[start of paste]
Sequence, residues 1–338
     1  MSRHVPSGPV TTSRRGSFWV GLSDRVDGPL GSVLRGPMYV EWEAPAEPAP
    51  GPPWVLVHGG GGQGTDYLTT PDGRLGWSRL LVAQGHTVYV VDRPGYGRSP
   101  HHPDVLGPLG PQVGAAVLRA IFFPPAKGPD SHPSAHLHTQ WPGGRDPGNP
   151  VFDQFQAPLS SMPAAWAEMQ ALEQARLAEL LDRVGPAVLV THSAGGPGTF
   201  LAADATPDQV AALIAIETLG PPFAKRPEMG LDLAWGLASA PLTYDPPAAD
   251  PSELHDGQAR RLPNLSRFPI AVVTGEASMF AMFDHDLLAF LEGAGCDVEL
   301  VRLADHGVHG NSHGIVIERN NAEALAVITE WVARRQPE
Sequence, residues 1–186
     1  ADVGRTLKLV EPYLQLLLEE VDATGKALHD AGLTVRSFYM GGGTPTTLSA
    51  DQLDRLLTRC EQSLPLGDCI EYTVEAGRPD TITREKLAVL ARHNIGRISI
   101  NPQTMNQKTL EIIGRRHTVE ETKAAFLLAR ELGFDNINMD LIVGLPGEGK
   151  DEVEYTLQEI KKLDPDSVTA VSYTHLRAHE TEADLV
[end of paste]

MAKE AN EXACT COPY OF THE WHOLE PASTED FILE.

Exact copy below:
Sequence, residues 1–338
     1  MSRHVPSGPV TTSRRGSFWV GLSDRVDGPL GSVLRGPMYV EWEAPAEPAP
    51  GPPWVLVHGG GGQGTDYLTT PDGRLGWSRL LVAQGHTVYV VDRPGYGRSP
   101  HHPDVLGPLG PQVGAAVLRA IFFPPAKGPD SHPSAHLHTQ WPGGRDPGNP
   151  VFDQFQAPLS SMPAAWAEMQ ALEQARLAEL LDRVGPAVLV THSAGGPGTF
   201  LAADATPDQV AALIAIETLG PPFAKRPEMG LDLAWGLASA PLTYDPPAAD
   251  PSELHDGQAR RLPNLSRFPI AVVTGEASMF AMFDHDLLAF LEGAGCDVEL
   301  VRLADHGVHG NSHGIVIERN NAEALAVITE WVARRQPE
Sequence, residues 1–186
     1  ADVGRTLKLV EPYLQLLLEE VDATGKALHD AGLTVRSFYM GGGTPTTLSA
    51  DQLDRLLTRC EQSLPLGDCI EYTVEAGRPD TITREKLAVL ARHNIGRISI
   101  NPQTMNQKTL EIIGRRHTVE ETKAAFLLAR ELGFDNINMD LIVGLPGEGK
   151  DEVEYTLQEI KKLDPDSVTA VSYTHLRAHE TEADLV